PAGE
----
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The desolate mining town is a sight long portrayed in Australian film and television, with the archetypal troop of Aussie blokes making up the minimal population. Usually these towns, all covered in rust and dust, are full of foreboding and reeking of endless cheap booze. An inevitable tragedy will undoubtedly befall anyone who strays into the town. Yet, in Alena Lodkina’s feature debut, Strange Colours, this is far from the case.

Sure, cheap beer of varying temperatures is consumed from dusk til dawn, and then dawn til dusk, but the blokes doing the consuming are far from Chips Rafferty’s ominous policeman in Wake in Fright. These are weathered men who have found themselves in this opal mining town because they can’t find any place worse to be. When a bloke mentions that a stranger passed through and stopped in Lightning Creek for a night fifteen years ago, and never left, it’s not because he’s ended up dead in a ditch somewhere, but because life is less complicated there.

This is a town that is devoid of femininity. Yes, the opals that are summoned from the earth will inevitably end up on jewellery that will most likely be worn by women around the world, but outside of this precious gemstone, there is little to suggest that a woman has ever been in the town for more than a moment. One would immediately think that this lack of a lass would turn the men in the town into aggressive misogynists, but just like those assumptions about a remote mining town, this notion has no substance in Strange Colours.

When Kate Cheel’s Milena arrives to see her terminally ill father, played by Hail‘s Daniel P. Jones, our conditioned muscle memory sets us on edge. You feel that inevitably, something terrible will happen to Milena. Her relationship with her father feels fractured – our mind racing towards thoughts of domestic abuse or sexual assault, neither of which eventuate -, but yet she remains in the town to help him out, before intending to move on to a job in Alice Springs. As Milena’s stay in the town carries on, she encounters a few of the local townsfolk and even sparks a friendship with Frank (a stunning performance by first timer Justin Courtin). Instead of Milena being turned into prey, she is made to feel part of a family.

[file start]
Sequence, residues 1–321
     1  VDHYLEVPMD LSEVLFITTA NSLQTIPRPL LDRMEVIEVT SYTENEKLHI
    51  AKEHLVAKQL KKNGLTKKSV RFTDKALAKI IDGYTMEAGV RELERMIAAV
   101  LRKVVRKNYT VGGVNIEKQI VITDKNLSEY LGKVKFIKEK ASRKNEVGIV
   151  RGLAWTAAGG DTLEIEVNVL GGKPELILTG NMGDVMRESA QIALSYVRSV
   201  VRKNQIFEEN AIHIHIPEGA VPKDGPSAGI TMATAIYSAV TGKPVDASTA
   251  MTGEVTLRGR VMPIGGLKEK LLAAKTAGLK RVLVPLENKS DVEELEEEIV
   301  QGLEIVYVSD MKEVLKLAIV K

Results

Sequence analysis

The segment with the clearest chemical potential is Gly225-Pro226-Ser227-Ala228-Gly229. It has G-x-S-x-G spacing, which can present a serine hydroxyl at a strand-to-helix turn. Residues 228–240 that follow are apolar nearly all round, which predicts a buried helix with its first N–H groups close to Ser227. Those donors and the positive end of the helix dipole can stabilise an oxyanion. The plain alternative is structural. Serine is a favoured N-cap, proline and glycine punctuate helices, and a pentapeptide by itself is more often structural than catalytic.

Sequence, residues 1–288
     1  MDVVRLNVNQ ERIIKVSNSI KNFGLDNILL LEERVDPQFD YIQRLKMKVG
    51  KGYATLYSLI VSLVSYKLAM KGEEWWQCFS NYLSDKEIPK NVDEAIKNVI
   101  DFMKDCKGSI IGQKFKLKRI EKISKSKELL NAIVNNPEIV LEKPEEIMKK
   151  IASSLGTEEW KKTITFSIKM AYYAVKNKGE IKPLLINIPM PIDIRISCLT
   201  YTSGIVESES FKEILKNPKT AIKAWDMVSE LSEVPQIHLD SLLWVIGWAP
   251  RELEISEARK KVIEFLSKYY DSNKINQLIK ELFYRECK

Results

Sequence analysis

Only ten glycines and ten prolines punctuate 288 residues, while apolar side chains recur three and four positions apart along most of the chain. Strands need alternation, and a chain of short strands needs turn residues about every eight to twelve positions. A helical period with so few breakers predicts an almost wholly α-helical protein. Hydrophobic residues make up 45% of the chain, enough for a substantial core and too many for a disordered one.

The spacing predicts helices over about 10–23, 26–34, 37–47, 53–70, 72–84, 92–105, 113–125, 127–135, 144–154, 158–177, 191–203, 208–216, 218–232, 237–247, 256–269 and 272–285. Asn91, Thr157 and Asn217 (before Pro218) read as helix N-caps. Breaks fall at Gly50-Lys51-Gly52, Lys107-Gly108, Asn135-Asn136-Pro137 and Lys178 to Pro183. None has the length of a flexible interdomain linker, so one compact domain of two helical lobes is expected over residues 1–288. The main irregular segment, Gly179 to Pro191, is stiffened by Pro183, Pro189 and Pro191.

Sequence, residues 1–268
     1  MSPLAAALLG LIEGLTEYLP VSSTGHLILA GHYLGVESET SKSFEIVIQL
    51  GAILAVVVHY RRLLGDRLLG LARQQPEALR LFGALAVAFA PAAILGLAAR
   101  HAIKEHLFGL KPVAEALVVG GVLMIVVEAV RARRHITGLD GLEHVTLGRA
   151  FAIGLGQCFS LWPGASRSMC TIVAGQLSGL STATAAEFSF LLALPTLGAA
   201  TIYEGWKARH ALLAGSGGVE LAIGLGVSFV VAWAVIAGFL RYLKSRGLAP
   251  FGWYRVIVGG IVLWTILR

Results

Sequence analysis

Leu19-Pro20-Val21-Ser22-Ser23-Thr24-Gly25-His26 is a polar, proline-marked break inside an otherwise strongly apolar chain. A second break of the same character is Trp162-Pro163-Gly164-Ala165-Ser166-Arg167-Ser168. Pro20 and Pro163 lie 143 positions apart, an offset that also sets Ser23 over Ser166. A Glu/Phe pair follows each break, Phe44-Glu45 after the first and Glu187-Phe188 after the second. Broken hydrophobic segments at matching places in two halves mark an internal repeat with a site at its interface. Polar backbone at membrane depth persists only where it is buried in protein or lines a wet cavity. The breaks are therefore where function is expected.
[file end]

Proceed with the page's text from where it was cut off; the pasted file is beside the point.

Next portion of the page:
Lodkina’s direction is calm, measured, and patient. There’s a similar vibe that comes from Kelly Reichardt’s work – minimalistic humanistic stories told on a quiet, small scale. Events unfold without any major fanfare – the most energetic moment is an vitalised tracking shot of Frank on the search for an opal thief. Outside of small moments like this, Lodkina aims to expose the viewer to the tranquility of Lightning Ridge. A peaceful sunset swim in a lake has Frank and Milena sharing an extremely tender moment. Even Milena’s random encounter with a purple faced stranger in the middle of the bush carries immense emotionality.